Emerging Drug Trends - Northland Coalition

Emerging Drug Trends
MSgt Jason R Henke
Missouri National Guard
Counterdrug Task Force
NIDA’s Community Epidemiology Work Group (ECWG)
Established in 1976
Network composed of
researchers from major
metropolitan areas of the
United States and selected
foreign countries which
meets semiannually to
discuss the current
epidemiology of drug abuse.
Primary mission of the work
group is to provide ongoing
community-level surveillance
of drug abuse through
analysis of quantitative and
qualitative research data.
Smokeless, battery operated devices
designed to deliver nicotine with flavorings
or other chemicals to the lungs of users
without burning tobacco.
Delivers highly addictive nicotine, which
has a variety of negative health effects, and
may even promote the growth of some
FDA analysis of some e-cigarette products
found low levels of nitrosamines, ethylene
glycol and diethylene glycol, all associated
with cancer and other health risks, as well
as potentially toxic metal nanoparticles
from the vaporizing mechanism.
Still unclear how “safe” they are.
E-Cigarettes and THC
Heats marijuana below
combustion point.
It is perceived to be a
"cleaner" way of smoking.
Devices have also been shown
to release ammonia which,
when inhaled, can cause
irritation and central nervous
system effects, as well as
asthma and bronchial spasms.
25I-NBOMe, 25C-NBOMe, and
25B-NBOMe are three
synthetic substances recently
encountered on the designer
drug market.
These substances have been
encountered as powders, liquid
solutions, laced on edible items,
and soaked onto blotter
Being sold as legal substitutes
for LSD or mescaline.
Slang for “molecular”.
Pure crystalline powder form of the club
drug MDMA (3-4
methylenedioxymethamphetamine), which
in pill form is known as ecstasy.
MDMA in any form produces energy and
euphoria in users but also may dangerously
affect body temperature and cause
confusion, depression, and sleep problems.
Users may be seeking out Molly to avoid
the adulterants or substitutes known to be
commonly found in pills sold as ecstasy,
such as caffeine, methamphetamine, and
other harmful drugs.
Used as a cheap heroin substitute in
poor rural areas of Russia.
DEA has not yet confirmed any
Krokokil in this country.
Synthetic form of a heroin-like drug
called desomorphine that is made
by combining codeine tablets with
iodine, gasoline, paint thinner,
hydrochloric acid, lighter fluid and
red phosphorus.
Gets its name from the scaly, graygreen dead skin that forms at the
site of an injection.
The flesh destroyed by krokodil
becomes gangrenous, and, in some
cases, limb amputation has been
necessary to save a user’s life.
Cough Syrup with Codeine and Promethazine
Syrup, Purple Drank, Sizzurp, Lean
Referenced frequently in rap music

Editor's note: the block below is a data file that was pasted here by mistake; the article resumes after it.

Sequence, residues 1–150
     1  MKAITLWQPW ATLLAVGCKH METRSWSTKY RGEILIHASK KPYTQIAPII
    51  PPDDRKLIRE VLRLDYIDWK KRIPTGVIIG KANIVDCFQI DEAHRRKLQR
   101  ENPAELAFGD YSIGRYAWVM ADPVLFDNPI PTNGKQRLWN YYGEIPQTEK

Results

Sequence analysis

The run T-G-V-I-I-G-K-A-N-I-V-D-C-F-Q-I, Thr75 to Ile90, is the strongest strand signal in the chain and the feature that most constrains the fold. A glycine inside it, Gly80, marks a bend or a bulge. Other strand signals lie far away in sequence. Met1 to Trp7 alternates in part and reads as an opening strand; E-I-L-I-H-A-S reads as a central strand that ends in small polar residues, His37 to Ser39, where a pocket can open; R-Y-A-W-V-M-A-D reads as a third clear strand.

beginning in the late 90s.
Codeine is an opioid that can
produce relaxation and euphoria
when consumed in sufficient
Promethazine is an antihistamine
that also acts as a sedative.
Codeine and other opioids
present a high risk of fatal
overdose due to their effect of
depressing the central nervous
Mixing with alcohol greatly
increases this risk.
Anti-Energy Drinks
Copy-cat of “Purple Drank”.
Commercial bottlers have now
produced non-codeine based legal
drinks like Sippin Syrup and other
anti-energy drinks (e.g. Drank,
Unwind, Mary Janes Relaxation
Soda), which are sold at
convenience stores and are
advertised as an “Extreme
Relaxation Beverage.”
These products contain sedatingtype ingredients, such as
melatonin, valerian root extract,
and kava kava.
Sold as a dietary supplement
rather than a beverage since
ingredients like melatonin and kava
kava aren’t FDA approved food
Thought to have originated in
Australia, now sweeping the
At least five men aged under
30 have died after drinking
deadly cocktails (no deaths in
There appears to be no limit
to the type of drinks that are
consumed (alcohol, motor oil,
dead mouse, etc).
Variations seen in U.S. on
social media sites.
Derived from the Mitragyna Speciosa plant
indigenous to Southeast Asia, primarily in
Plant consists of a psychotropic molecule
called Mitragynine that’s been reported to
produce both stimulant and sedative effects,
depending on the dosage.
With higher doses, Kratom mimics an opiate
with sedative effects and euphoria.
Negative side effects include nausea, sweating,
itching, dry mouth and constipation.
Long-term use can potentially result in
anorexia, insomnia, weight loss and in some
cases psychotic episodes, such as confusion,
delusions and hallucinations.
DEA’s Office of Diversion Control states
Kratom is a drug and chemical of concern
with no legitimate medical use, but it remains
legal to sell and use.
MSgt Jason R Henke
Missouri National Guard
Counterdrug Task Force

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